I live in Monterey County now, I attended the Court Sept. 27, 2018. None of the people below did. Welcome to San Mateo County.

Michael Stogner <michaelgstogner@yahoo.com>
To:Renee Batti,Sara Gaiser,Melanie Ehrenkranz,anna@smdailyjournal.com,Sergio Quintana,Jay Curran,Isaura Ochoa,NBCKNTV,John Myers,John Ullom,Carina Woudenberg,Geoff Glaub,Deborah Petersen,Maya Lau,Nguyen, Vicky (NBCUniversal),Nious, Kevin (NBCUniversal),Dan Noyes,Clay Lambert,Dave Boyce,Dave Price,Emily Mibach,Erin Stone,Demian Bulwa,Barbara Wood,Allison Wisk,Kia,Nadine SebaiHide
  • Karen Guidotti <kguidotti@smcgov.org>
    To:Michael Stogner
    Sep 24 at 3:57 PM

    No, there is a single charge of 148 PC.

    From: Michael Stogner [mailto:michaelgstogner@yahoo.com]
    Sent: Monday, September 24, 2018 3:57 PM
    To: Karen Guidotti <kguidotti@smcgov.org>
    Subject: Re: RE: RE: RE: Jim McGee case

    Is there a DV charge?

    On Monday, September 24, 2018, 2:18:00 PM PDT, Karen Guidotti <kguidotti@smcgov.org> wrote:

    Yes, our office has filed one count of 148(a)(1) PC.   I do not see a docket number in the court’s Odyssey system yet.

    Karen

    From: Michael Stogner [mailto:michaelgstogner@yahoo.com]

    Sent: Monday, September 24, 2018 2:00 PM
    To: Karen Guidotti <kguidotti@smcgov.org>
    Subject: Re: RE: RE: Jim McGee case

    Hello Karen.

    Just checking is there a case number yet? and have Any Charges been file as of today?

    Thank You

    Michael

    On Wednesday, September 12, 2018, 8:51:59 AM PDT, Karen Guidotti <kguidotti@smcgov.org> wrote:

    The next court date for McGee is in two weeks, not one.  It’s 9/27.

    From: Michael Stogner [mailto:michaelgstogner@yahoo.com]
    Sent: Wednesday, September 12, 2018 8:31 AM
    To: Karen Guidotti <kguidotti@smcgov.org>
    Subject: Re: RE: Jim McGee case

    Thank You

    On Wednesday, September 12, 2018, 8:23:47 AM PDT, Karen Guidotti <kguidotti@smcgov.org> wrote:

    Not yet.  The DDA was waiting for some information that she did not receive in time for today’s court date.  Apparently the DDA and defense attorney have agreed that they will postpone the McGee’s first appearance for one week.

    Karen

    From: Michael Stogner [mailto:michaelgstogner@yahoo.com]

    Sent: Wednesday, September 12, 2018 8:06 AM
    To: Karen Guidotti <kguidotti@smcgov.org>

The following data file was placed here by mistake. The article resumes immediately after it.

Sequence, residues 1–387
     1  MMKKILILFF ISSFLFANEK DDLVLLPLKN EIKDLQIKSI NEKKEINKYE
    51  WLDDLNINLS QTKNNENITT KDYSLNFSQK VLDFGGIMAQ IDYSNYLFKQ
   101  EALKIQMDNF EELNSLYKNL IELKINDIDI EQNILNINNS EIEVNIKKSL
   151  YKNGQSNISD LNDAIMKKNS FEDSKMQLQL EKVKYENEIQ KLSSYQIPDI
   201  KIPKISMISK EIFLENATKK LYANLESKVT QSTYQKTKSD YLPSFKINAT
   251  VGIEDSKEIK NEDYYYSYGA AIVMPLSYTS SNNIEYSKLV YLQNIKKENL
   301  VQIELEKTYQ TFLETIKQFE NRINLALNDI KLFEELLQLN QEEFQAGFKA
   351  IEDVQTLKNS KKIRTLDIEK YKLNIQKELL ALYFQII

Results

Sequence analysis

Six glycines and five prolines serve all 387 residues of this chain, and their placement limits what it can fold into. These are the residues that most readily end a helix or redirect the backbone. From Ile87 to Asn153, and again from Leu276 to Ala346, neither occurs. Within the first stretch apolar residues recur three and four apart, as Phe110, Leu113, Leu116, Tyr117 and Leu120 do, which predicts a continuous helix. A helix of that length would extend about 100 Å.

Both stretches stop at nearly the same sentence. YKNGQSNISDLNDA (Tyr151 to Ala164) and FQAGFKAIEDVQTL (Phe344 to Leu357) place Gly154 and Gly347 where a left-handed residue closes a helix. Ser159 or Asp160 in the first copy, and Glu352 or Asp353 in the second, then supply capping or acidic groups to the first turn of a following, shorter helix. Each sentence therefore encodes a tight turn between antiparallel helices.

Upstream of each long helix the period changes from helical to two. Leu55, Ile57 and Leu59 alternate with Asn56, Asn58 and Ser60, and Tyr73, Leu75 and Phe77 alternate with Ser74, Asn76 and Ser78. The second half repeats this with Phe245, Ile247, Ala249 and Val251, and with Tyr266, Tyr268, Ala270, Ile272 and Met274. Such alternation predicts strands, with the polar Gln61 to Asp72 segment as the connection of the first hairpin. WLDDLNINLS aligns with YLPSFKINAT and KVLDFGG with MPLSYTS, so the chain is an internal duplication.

Subject: Jim McGee case

    Good morning Karen.

    Did your office file and charges against him?

    Thank You

    Michael G. Stogner

    San Mateo County News.com













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Few reports against police upheld, You can interchange Judges, District Attorneys,Prosecutors,CPS,Probation Officials & Those Who Matter.

 

This is a very good article, Thank You LATIMES,

My recommendation is to stop reporting privately and before you report a Corrupt San Mateo County Sheriff Deputy and the alleged crimes his has committed against his children, his ex wife, and the Court (photos to CPS and filed with the family law court), The purpose to harm the mother, First of all you would be Stupid to report this crime to San Mateo County Sheriff Office under the leadership of Carlos Bolanos. He has a history of protecting Corrupt Deputies. SMCSO Lt. Andrew Armando is a current example. So before you report to the A.G. or the Feds you must cover your bases and give the District Attorney’s Office a chance to prove that they are opposed to a Sheriff Deputy filing false documents to CPS and the Court. You would also hope they would acknowledge the obvious conflict of Interest the current girlfriend of the Deputy works for the DA’s Office. After you go twice to report the criminal acts of (your ex) the SMC Sheriff Deputy, The DA finally takes the complaint they hate that you force them to do what they have sworn an Oath to do. Don’t be surprised when they recommend that YOU take a polygraph test and you agree to it and pass with flying colors. What did that have to do with the Deputy committing Felonies you might ask? Nothing, but if the DA was more interested in attacking the single mother/victim then prosecuting the Sheriff Deputy. Now after passing that test you would hope the DA invited the SMC Sheriff Deputy to take the same polygraph test, they choose not to and closed the criminal investigation. This lack of action only emboldens the dishonest Sheriff Deputy to once again report child abuse to the Redwood City Police Department where he has several personal friends.

San Mateo County Residents can thank the entire District Attorney’s Office and Sheriff’s Office for this.

9/23/2018 LATIMES

Few reports against police upheld

Across California, complaints of officer misconduct are often rejected and inquiries kept from public view.

By James Queally

Angry that she had been falsely accused of a drug crime, Tatiana Lopez filed a complaint against a Los Angeles County sheriff’s deputy who had arrested her on suspicion of possessing methamphetamine.

But when Lopez met with a sheriff’s lieutenant to discuss her accusation, he urged her to drop her complaint, she said.